Adding a new product or service to your offering is one of the most common ways for your business to grow. Depending on how you approach it, it could give your existing customers an extra chance to spend money with you by adding a new product that’s complimentary to your most popular items, or it could be an opportunity to draw in new customers with a cheaper or simpler product, lowering the ‘barrier to entry’ for those who haven’t tried your brand yet.
Introducing a new product isn’t always easy, and the risks are well worth appreciating: launching a new product, by its nature, happens in public. It requires advertising, deals, possibly even a launch event. A public failure, where that publicity launches a product that doesn’t sell well or gets badly reviewed can damage your brand. However it is communicated, your brand rests on the central claim that it knows what’s right for its customers. If that central tenet is proved wrong in public, it can be hard to recover from!
Today we’re taking a look at the process of developing and launching a product to help you find success, rather than expensive failure.
Developing a Product
You cannot underestimate the importance of your product development process. It’s not just a chance to come up with new ways for customers to give you money. A responsible, data-led product development cycle gives you the opportunity to find concepts your customers value and need, and turn them into products that they can use and are willing to pay for.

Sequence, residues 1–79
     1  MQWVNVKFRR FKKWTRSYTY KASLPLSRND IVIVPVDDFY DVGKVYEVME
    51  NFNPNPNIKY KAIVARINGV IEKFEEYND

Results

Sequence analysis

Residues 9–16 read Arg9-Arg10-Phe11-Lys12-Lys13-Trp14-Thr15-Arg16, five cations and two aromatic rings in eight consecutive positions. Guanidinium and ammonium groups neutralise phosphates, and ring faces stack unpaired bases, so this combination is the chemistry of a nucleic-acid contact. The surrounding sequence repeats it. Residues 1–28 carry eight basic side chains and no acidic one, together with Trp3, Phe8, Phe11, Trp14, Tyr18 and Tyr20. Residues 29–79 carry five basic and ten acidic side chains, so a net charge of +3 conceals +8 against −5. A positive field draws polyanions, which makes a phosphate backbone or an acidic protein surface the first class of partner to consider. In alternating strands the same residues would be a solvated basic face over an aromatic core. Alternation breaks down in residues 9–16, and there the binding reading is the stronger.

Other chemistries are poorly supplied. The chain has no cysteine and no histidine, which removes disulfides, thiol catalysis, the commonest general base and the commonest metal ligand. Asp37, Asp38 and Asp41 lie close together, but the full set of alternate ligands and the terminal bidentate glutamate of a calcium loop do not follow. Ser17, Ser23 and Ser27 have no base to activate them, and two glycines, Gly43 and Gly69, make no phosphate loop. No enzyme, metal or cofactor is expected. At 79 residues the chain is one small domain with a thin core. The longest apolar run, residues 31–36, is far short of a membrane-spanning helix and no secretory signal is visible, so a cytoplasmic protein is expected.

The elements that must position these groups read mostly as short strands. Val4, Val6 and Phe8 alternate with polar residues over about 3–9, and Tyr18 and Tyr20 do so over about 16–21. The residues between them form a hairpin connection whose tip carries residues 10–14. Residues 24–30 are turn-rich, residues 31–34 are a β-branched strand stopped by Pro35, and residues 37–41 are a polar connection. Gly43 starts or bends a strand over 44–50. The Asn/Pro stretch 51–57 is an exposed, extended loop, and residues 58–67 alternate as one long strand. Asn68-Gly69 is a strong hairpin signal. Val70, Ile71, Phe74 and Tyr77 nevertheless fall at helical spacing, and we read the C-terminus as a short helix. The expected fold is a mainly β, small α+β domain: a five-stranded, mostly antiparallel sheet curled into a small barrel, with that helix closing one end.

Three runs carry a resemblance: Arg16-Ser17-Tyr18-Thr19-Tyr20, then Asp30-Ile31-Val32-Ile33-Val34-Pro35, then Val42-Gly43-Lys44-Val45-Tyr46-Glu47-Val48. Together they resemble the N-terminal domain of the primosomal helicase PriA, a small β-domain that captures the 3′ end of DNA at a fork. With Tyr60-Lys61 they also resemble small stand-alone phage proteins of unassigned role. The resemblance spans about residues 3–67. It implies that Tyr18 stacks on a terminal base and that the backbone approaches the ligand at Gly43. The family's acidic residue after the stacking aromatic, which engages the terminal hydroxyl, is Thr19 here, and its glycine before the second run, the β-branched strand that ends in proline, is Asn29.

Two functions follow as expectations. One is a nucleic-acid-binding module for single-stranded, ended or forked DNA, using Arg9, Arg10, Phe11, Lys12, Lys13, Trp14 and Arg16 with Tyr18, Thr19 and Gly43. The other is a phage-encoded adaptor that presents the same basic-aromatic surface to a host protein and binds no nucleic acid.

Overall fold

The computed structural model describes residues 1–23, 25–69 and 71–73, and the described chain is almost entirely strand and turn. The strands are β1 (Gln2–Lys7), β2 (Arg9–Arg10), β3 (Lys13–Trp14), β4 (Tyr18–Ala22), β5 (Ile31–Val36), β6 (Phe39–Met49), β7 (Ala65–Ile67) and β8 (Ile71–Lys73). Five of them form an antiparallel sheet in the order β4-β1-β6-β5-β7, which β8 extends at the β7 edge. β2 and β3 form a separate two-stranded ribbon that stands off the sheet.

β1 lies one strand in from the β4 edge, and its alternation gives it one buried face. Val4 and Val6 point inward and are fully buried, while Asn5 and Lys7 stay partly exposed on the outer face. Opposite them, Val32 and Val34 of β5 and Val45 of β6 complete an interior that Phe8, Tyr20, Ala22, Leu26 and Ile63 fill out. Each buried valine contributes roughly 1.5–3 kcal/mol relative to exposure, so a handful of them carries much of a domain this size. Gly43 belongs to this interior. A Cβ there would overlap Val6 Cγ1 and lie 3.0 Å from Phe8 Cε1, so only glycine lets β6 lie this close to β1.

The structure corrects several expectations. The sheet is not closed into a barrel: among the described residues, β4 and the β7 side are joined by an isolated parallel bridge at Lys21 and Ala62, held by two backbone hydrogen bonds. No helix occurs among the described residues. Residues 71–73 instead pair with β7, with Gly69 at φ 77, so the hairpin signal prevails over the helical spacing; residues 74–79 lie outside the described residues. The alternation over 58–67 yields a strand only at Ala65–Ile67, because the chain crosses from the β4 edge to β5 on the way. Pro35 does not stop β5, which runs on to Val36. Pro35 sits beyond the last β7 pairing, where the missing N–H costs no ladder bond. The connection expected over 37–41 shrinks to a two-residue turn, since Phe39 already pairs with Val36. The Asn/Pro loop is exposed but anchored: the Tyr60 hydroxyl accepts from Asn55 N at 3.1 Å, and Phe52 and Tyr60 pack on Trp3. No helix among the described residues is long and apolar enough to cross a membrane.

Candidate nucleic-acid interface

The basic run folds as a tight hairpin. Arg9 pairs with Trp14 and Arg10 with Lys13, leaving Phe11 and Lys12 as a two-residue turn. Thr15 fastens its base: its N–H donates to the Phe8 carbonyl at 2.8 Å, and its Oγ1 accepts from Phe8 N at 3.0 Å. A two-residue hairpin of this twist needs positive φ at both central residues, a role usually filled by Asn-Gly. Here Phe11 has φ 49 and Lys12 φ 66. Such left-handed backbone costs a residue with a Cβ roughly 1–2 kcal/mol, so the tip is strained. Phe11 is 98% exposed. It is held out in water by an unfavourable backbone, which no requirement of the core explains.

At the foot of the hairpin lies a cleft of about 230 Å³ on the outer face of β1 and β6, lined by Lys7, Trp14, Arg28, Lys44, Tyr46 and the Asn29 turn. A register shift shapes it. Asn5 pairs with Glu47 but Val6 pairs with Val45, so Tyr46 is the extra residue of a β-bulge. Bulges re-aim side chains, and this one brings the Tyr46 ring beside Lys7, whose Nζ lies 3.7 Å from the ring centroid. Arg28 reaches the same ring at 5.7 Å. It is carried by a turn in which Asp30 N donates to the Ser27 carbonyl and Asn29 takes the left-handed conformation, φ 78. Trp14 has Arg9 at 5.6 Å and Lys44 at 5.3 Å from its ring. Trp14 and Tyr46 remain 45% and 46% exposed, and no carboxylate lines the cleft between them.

A key part of developing your next product needs to be testing. Test the concepts as you come up with them, and test each prototype as it’s developed. Look for how well customers see what the product can do for them, how they can understand its value and how easily they can use it. These are all the hallmarks of a successful product!
It’s important to think about your brand as you develop new products. Whatever values your brand embodies (expertise, relatability, value for money and so on), it’s important for that brand to be consistent. If you launch a new product that conflicts with your existing brand identity – a luxury product from an ‘everyday value’ brand, or vice versa, for example – or that sits uneasily alongside your existing selection, it can harm your brand overall. Even if it brings in new consumers, it could cost you some of your existing customers if it weakens your brand!
Brand tracker surveys let you see how customers see you. When you know the key qualities customers ascribe to your brand, you can lean into them, ensuring your new products are consistent, and will strengthen your brand overall, not undermine it!